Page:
This talk analyzes interactions between blacks and whites depicted between 1957 and 1961 in Jean Rouch’s I, a Black Man, The Human Pyramide, and Chronicle of a Summer. It concludes with remarks on Shadows, a 1958-59 feature film by John Cassavetes often credited as a breakthrough in U.S. independent filmmaking. In so doing, Professor Ungar explores what Rouch and Cassavetes were trying to accomplish through production practices that bordered on the experimental. Major topics to be raised include: (1) what reading across these films completed on opposite sides of the Atlantic discloses concerning cinematic treatments of relations between blacks and whites between 1957 and 1961; and (2) how such cross-reading contributes to a fuller understanding of Rouch’s films in a transnational context.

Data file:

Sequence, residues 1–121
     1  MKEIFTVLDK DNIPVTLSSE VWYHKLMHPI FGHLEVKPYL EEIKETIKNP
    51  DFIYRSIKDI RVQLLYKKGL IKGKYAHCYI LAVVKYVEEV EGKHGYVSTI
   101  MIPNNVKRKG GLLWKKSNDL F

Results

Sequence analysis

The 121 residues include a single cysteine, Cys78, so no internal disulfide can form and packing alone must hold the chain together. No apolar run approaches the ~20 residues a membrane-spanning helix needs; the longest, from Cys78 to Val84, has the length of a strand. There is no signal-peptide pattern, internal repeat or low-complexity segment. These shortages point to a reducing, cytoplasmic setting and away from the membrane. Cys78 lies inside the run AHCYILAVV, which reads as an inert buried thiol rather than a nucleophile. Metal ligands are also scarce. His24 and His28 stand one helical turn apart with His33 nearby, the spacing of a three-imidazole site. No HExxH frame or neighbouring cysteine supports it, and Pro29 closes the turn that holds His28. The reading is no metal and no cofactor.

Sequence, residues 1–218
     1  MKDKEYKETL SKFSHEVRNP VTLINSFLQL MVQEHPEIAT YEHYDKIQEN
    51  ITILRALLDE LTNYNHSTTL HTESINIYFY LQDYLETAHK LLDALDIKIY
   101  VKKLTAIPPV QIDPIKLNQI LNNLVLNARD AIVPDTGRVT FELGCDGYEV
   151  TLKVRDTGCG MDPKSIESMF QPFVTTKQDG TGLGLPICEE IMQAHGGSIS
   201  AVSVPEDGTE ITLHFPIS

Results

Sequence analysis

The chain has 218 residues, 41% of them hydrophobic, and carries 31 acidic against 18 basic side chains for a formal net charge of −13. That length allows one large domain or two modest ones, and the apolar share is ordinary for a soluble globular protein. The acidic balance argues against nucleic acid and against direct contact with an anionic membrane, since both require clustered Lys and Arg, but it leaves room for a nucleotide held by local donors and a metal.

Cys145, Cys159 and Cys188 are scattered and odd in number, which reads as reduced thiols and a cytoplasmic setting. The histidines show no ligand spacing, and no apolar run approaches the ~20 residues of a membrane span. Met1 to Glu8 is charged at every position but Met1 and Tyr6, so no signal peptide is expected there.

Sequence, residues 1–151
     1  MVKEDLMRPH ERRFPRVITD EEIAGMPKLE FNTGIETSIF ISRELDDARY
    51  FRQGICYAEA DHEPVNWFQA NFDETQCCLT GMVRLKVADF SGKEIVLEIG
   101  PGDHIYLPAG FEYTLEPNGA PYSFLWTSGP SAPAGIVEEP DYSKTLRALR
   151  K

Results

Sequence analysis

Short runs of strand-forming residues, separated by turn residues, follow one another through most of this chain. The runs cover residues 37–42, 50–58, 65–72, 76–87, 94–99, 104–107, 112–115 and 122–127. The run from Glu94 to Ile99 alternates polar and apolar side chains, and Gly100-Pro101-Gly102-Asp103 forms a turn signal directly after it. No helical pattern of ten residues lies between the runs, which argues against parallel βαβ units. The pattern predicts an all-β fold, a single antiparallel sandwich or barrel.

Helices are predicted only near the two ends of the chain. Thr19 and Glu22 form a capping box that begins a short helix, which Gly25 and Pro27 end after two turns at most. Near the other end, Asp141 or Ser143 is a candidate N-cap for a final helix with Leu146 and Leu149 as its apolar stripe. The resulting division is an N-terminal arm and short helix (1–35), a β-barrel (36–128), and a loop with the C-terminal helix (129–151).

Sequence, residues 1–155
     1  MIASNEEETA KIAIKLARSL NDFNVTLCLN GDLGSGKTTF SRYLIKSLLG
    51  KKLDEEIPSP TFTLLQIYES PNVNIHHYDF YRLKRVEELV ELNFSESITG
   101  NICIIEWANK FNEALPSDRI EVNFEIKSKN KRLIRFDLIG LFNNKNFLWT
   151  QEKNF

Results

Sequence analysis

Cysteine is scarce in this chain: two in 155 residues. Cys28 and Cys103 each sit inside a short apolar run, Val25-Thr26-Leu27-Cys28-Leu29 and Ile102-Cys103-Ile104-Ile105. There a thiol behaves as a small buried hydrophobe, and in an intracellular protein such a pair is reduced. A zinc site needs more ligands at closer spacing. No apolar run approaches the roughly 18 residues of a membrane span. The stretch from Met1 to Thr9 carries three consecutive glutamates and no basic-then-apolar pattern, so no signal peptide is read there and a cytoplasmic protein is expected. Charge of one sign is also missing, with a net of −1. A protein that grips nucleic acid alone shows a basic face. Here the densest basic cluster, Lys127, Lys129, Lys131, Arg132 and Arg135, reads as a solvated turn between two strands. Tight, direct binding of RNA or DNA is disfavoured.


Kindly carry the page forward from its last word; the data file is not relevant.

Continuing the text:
Steven Ungar has taught French literature & thought, Comparative Literature, Translation, & Film at The University of Iowa since 1976. His latest publications include Critical Mass: Social Documentary in France from the Silent Era to the New Wave (2018) as well as book chapters on Louis Malle’s Lacombe Lucien and on Chantal Akerman’s La Captive.
This talk is sponsored by the Department of French and Italian, the Graduate Center for Literary Research (GCLR), the Carsey-Wolf Center, the IHC, Mellichamp Global Dynamics Speaker series and the Department of Film and Media Studies.